It's the story that won't go away. Like peeling back layers of an onion, almost every month we learn more about the Maryland State Police's indefensible program to collect information on peaceful activist groups. Also much like an onion, the whole thing stinks.
Col. Terrence B. Sheridan, state police superintendent, has acknowledged that the surveillance activities were wrong. But words must be matched by deeds, and his agency has been less than forthcoming about this unpleasant episode in its recent history.
It was troubling enough, when the story first broke over the summer, to learn that local activists had apparently been spied upon during protests at the National Security Agency. It was quickly revealed that far more was involved than keeping tabs on a handful of protesters at a few events.
A layer was peeled back in July, when the American Civil Liberties Union of Maryland released documents revealing hundreds of hours of surveillance against anti-war and anti-death-penalty advocates during 2005 and 2006. Worse, dozens of activists were labeled as terrorists in law enforcement databases.
In October, activists discovered that the spy operation lasted longer than state police originally said, and that environmentalists were also targeted. November's revelation was that the spying continued through 2007 and possibly later.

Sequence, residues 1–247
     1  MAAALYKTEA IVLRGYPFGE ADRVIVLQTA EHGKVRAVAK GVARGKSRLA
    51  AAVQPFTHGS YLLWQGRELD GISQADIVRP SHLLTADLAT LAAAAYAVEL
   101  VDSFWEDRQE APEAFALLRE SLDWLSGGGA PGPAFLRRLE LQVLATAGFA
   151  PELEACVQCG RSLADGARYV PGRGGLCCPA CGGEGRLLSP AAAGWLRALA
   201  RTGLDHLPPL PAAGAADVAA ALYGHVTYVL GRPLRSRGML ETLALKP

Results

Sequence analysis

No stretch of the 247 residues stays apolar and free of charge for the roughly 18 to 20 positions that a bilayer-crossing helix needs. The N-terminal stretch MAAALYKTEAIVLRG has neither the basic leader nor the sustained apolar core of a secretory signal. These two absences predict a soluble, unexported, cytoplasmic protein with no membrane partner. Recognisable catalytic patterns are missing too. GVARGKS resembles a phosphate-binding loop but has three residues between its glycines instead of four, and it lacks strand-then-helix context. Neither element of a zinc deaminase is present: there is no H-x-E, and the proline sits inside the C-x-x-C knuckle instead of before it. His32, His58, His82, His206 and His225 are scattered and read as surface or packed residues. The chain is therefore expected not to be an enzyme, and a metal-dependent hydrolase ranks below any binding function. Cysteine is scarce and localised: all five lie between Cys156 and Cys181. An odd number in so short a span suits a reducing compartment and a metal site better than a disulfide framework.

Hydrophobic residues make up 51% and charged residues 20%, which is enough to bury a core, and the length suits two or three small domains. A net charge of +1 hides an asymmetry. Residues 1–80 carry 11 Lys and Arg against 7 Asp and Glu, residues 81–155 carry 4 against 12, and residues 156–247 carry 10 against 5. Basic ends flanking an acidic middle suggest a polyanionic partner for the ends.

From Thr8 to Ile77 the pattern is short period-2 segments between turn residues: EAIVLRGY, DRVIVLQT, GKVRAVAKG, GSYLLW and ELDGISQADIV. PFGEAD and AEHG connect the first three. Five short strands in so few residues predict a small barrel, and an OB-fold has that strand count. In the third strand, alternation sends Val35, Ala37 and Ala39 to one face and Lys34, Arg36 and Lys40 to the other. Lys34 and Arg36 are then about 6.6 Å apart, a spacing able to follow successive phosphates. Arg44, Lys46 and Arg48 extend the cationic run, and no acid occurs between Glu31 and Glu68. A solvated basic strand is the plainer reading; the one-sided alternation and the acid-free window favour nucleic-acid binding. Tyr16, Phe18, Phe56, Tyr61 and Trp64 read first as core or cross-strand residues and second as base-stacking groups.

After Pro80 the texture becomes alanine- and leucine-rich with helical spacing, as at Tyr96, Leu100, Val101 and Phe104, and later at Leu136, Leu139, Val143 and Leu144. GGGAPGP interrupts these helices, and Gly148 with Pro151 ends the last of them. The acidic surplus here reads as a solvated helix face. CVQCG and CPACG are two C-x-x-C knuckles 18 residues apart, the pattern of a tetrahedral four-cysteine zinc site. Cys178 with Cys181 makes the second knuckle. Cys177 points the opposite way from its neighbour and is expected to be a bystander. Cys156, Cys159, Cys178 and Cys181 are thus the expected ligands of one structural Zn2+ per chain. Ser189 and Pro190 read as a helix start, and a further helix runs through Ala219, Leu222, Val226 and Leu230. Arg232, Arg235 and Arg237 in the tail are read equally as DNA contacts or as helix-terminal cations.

Now, the latest: An even wider variety of organizations, from Amnesty International to a group fighting Maryland utility rate increases, apparently had their activities monitored and documented. The ACLU has obtained many documents through the state public information act and lawsuits, and may make them available to the public soon.
A report by former Maryland Attorney General Stephen H. Sachs concluded that state police were "misguided" and recommended changes, including such common-sense steps as a ban on surveillance of activist groups in the absence of serious suspicion of a crime. Colonel Sheridan, to his credit, has pledged to adopt the recommendations. Legislation in the General Assembly session is sure to follow soon.
A good first move, though, would be for the state police to put an end to the dribble of revelations over the past seven months by fully opening up the files on its misbegotten surveillance program, rather than releasing highly redacted documents that present more questions than answers. The ACLU has done yeoman work, but it should not have to continue to sue a state agency for information that the public - or at the very least, the victims of improper spying - rightly deserves.